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Quantum Fireball CR 8.4B HDD Review
Quantum Fireball CR 8.4B HDD Review - PCSTATS
As it stands right now, not even the fastest ATA/66 drives are able to exploit the ATA/66 interface to its fullest extent.
 75% Rating:   
Filed under: Hard Drives/SSD Published:  Author: 
External Mfg. Website: Quantum Apr 20 2002   P. Masrani  
Home > Reviews > Hard Drives/SSD > Quantum Fireball CR

HDD Technology and Conclusion

Quantum's Data Protection System (DPS)

DPS is the brainchild of Quantum Corporation which tests the integrity of a Quantum hard disk drive that supports this feature. For users of Quantum Fireball and Fireball Plus drives manufactured after January 1999, the DPS is available in the drives firmware. For users of older ATA drives, DPS is available as a standalone program available from Quantum's website.

The following has been taken from the Quantum DPS White Paper

How DPS works

DPS performs a Quick Test that exercises the hard drive. In addition, DPS checks every sector in the drives buffer and examines the first 300 megabytes of data stored on the drive, where the operating system and other critical system utilities are typically stored. Within 90 seconds , the Quick Test is complete. The results confirm whether the hard drive is the source of the system failure.

DPS Extended Test

If the DPS Quick Test results find no errors in the first 300 megabytes of data and the system continues to malfunction, the end user can run the DPS Extended Test. This test performs all Quick Test functions, and it also examines all additional data areas to verify whether the hard drive is the source of the problem. The time required for the Extended Test depends on the capacity of the drive, but never exceeds 20 minutes.


Quantum's DPS helps prevent avoidable data loss. By determining whether the drive is the source of a system level failure, DPS spares users from unnecessarily removing and replacing a perfectly healthy drive. Valuable data is protected and productivity maintained. Systems integrators, distributors, resellers, and OEMs also benefit from reducing their service costs and -- most importantly -- maintaining the goodwill of their customers. Quantum's DPS thus provides a comprehensive solution to avoidable data loss for desktop computer users and their suppliers alike.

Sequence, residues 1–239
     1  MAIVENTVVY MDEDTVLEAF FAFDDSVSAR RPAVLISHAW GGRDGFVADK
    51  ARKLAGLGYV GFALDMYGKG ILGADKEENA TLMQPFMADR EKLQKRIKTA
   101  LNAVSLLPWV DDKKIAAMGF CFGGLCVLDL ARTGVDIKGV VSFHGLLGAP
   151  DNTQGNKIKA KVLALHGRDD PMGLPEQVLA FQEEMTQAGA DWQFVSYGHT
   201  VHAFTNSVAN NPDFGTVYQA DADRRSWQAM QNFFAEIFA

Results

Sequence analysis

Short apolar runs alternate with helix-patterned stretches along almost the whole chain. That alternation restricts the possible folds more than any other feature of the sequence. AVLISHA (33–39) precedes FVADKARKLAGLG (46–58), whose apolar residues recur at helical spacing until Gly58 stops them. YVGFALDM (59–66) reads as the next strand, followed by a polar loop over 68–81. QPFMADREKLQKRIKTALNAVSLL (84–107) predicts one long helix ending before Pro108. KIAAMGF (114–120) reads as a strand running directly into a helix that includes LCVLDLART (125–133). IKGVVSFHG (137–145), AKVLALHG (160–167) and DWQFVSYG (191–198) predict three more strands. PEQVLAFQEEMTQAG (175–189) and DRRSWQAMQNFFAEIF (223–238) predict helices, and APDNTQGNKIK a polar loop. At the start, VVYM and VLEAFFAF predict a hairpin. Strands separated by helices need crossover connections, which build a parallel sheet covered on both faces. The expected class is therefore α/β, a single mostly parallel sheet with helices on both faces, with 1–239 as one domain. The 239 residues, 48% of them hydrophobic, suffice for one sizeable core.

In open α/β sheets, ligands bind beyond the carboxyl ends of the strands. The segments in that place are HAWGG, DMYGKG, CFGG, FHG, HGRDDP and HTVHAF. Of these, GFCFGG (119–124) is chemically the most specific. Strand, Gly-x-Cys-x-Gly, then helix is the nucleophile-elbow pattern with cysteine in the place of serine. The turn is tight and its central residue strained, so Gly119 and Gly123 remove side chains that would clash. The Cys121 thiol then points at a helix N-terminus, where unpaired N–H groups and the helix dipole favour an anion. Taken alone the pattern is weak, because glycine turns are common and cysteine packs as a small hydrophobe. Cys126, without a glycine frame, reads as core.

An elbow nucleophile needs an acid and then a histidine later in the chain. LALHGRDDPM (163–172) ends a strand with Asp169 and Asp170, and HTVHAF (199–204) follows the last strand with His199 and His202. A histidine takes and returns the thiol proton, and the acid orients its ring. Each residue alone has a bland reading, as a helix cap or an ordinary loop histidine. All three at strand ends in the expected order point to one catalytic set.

Shock Protection System (SPS)

SPS is another characteristic developed by Quantum which is employed through later Quantum drives by designing a drive such that certain events of handling the drive can be endured without incurring any damage.

Damage can be caused to a drive by dropping it, tapping it with a hand tool and by clicking two drives together. As the level of shock is absorbed by the drive in these instances, a great deal of internal damage can occur although there is no evidence of any external damage. This is because drive internals are extremely sensitive to shock and vibration. Probably one of the most common types of damage to the hard disk is when a "head slap" occurs.

When sufficient amount of shock is applied to the drive, the head physically lifts up from the disk and drops back down which causes the head to actually dig into the surface of the disk creating surface damage. In addition to the damage on that particular area, small particles can be scattered. Though these particles are microscopic, the high precision nature of hard disk mechanics are sensitive and can be affected by these particles especially if these particles lands on a data area or if it becomes wedged in between the disk and the head.

Quantum's SPS prevents shock induced damage to a hard disk by designing a hard disk drive so that the head is not allowed to lift off the disk, thereby eliminating (or at least significantly reducing) head-slaps. Rather, the shock would be absorbed by the rest of the drive rather than having particles run amok after a head slap. The chances for internal disk damage is thereby reduced through SPS implementation.


8.4 GB is sufficient enough for most users out there except for perhaps folks who require extremely high disk space for graphics and web applications. But of course the need keeps growing, and fast. I foresee a growing number of users complaining of space shortage once they install Windows 2000 and its native applications. Lets face it, software bloats. It takes what once was a magnetic platter the size of Texas and effectively reduces it down to a cramped supermarket parking lot.

The speed of CR is slower than its CX counterpart but in regular applications, you really cannot make out the difference. And the target consumer of home/office users really won't have much to complain about. This drive sports numerous features such as SPS and DPS and runs pretty quiet. As the market is quickly moving towards 7,200 rpm drives, one cannot say how long the CR 8.4 can remain a competitor. So far, it is doing pretty good...

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Contents of Article: Quantum Fireball CR
 Pg 1.  Quantum Fireball CR 8.4B HDD Review
 Pg 2.  Specifications
 Pg 3.  Benchmarks: WinMark99
 Pg 4.  — HDD Technology and Conclusion

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